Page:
Ultimate Ears is known for its line of rugged, waterproof speakers that come in bright colors and offer high-quality sound at prices that aren't exorbitant.
In October, Ultimate Ears expanded its product lineup with two new flagship devices, the Blast and the Megablast, successors to the Boom 2 and the Megaboom, with revamped designs and, for the first time, Wi-Fi support with Amazon Alexa integration.
I tested the new Ultimate Ears speakers, and I liked the addition of Alexa integration, especially in a wire-free device. There were, however, some limitations and caveats that may not make this the best speaker for everyone.
Blast and Megablast don't look too different from previous-generation Ultimate Ears speakers, but they do sport a new, more modern design with a flatter top and less rounded edges for a decidedly cleaner and sleeker appearance.
They use the same cylindrical design as past speakers, offering 360 degree sound. The top and the bottom of the Blast and Megablast feature a soft rubber material with bluetooth/power/Alexa buttons and access to a charging port, while most of the rest of the speaker is made from a matching mesh.
Both speakers continue to feature prominent "+" and "-" buttons that are used for controlling volume. Some people don't like these buttons because of the resemblance to a cross, but I've always been a fan of the bold look and easy-access volume controls. The speakers each come in a range of colors, including Blue Steel, Merlot, Blizzard, and Graphite. The Megablast I have on hand is Blue Steel, while the Blast is Merlot, and both colors are subdued and even elegant, able to match well with any decor.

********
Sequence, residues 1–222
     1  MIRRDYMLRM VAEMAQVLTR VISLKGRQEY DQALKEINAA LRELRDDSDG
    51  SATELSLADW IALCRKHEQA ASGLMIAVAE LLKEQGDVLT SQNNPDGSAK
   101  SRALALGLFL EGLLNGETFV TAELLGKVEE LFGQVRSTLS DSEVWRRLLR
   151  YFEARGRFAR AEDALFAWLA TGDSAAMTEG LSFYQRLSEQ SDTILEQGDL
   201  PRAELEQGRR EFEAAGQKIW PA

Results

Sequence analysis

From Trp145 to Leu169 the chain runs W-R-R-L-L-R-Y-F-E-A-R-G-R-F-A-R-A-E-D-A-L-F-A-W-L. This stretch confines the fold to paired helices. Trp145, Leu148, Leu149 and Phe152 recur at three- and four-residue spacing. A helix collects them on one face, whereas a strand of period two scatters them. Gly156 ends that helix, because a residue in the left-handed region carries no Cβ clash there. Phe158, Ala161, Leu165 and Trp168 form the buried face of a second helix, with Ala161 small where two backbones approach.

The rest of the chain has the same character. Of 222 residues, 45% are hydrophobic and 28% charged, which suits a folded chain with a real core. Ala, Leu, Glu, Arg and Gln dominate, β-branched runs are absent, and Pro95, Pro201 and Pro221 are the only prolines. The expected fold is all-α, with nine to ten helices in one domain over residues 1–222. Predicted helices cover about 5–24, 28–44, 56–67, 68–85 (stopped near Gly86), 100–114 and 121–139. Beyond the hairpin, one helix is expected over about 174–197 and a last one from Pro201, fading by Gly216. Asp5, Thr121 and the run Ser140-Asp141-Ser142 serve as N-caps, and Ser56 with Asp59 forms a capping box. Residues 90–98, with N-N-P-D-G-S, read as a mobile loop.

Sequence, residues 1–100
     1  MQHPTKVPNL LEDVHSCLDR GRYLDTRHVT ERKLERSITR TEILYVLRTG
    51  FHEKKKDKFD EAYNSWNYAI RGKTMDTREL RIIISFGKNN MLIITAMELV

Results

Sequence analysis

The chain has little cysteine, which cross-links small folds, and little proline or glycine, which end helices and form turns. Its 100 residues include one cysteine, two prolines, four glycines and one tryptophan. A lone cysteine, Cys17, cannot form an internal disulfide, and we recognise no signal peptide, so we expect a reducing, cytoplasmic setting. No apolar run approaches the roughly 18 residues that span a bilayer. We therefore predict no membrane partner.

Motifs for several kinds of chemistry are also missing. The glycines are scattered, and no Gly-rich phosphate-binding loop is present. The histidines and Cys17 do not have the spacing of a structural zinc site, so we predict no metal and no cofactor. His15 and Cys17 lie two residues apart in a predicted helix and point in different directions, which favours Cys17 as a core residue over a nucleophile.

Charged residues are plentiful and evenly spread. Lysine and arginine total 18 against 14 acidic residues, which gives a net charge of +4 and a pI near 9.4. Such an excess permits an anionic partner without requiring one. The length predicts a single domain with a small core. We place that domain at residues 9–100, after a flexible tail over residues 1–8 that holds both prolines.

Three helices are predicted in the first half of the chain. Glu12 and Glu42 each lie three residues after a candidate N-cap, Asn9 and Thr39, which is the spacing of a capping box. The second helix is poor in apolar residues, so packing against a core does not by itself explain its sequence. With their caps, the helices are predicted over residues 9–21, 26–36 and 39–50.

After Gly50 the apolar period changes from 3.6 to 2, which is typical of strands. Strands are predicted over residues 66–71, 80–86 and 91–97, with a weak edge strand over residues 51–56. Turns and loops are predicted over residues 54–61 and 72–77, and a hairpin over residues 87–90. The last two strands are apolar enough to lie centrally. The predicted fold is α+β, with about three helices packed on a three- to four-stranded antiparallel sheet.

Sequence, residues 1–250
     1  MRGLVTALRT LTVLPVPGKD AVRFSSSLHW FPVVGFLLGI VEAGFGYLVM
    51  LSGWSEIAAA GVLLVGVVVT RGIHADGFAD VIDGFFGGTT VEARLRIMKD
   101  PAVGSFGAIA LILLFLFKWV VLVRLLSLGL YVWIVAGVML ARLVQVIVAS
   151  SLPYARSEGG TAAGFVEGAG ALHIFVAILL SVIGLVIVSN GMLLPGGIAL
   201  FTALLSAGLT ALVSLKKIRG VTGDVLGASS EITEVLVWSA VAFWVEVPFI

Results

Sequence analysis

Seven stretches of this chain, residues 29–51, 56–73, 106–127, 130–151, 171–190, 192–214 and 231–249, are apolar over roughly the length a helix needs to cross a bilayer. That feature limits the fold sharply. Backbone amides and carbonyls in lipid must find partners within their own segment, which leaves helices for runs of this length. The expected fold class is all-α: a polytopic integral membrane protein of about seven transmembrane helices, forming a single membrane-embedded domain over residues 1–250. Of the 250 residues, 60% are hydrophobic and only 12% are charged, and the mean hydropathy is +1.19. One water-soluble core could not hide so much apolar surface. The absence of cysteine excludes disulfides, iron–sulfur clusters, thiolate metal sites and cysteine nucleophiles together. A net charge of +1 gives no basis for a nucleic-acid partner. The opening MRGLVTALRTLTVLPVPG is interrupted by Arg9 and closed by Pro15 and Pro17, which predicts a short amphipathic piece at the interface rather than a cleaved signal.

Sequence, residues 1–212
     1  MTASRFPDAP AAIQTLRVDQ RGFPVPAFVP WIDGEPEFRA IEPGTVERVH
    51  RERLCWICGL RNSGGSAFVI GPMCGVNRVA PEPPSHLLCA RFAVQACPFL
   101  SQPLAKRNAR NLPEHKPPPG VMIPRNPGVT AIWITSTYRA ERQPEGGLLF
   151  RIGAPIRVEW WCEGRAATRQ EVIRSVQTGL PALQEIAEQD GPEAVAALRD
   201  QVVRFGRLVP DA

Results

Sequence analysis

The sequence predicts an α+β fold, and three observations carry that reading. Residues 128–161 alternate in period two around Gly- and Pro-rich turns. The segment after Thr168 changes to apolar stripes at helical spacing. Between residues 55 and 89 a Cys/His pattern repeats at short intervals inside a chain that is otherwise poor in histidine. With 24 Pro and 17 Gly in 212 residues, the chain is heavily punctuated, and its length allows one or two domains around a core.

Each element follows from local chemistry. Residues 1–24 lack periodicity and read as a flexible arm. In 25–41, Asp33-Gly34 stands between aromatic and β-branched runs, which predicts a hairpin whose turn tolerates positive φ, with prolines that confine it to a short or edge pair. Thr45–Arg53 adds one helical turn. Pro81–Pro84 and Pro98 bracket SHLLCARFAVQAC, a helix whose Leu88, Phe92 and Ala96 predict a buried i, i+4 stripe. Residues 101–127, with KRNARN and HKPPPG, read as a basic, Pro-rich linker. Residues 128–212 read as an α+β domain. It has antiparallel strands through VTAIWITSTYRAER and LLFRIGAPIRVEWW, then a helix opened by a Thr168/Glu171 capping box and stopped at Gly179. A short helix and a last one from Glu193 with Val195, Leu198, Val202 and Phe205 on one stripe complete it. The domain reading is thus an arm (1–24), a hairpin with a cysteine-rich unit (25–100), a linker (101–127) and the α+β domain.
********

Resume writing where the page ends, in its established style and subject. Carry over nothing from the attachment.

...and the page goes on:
Blast is about 7.4 inches tall and as thick as a soda can, while Megablast is about 9.3 inches tall and a good deal thicker, closer in size to a coffee can than a soda can. Blast fits well in a bag for travel, making it ideal for the beach or the pool, while Megablast is less portable. There's nothing stopping you from lugging the Megablast around, though.
All of Ultimate Ears' speakers are IP67 water resistant, which means they can be immersed in liquid up to 1m deep for up to 30 minutes. I took both speakers in the shower several times with me over the course of the testing period, and had no problems. Ports are well protected with a rubber covering at the bottom, but it's worth noting that this rubber cover makes charging a chore. There are no other points of ingress for water to get into.